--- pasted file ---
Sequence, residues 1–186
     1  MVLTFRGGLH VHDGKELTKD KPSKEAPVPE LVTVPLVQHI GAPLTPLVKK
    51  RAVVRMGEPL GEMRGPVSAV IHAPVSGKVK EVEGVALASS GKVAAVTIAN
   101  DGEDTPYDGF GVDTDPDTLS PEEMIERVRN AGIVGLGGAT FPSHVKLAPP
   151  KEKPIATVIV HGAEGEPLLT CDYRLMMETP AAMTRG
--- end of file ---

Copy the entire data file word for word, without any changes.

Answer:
Sequence, residues 1–186
     1  MVLTFRGGLH VHDGKELTKD KPSKEAPVPE LVTVPLVQHI GAPLTPLVKK
    51  RAVVRMGEPL GEMRGPVSAV IHAPVSGKVK EVEGVALASS GKVAAVTIAN
   101  DGEDTPYDGF GVDTDPDTLS PEEMIERVRN AGIVGLGGAT FPSHVKLAPP
   151  KEKPIATVIV HGAEGEPLLT CDYRLMMETP AAMTRG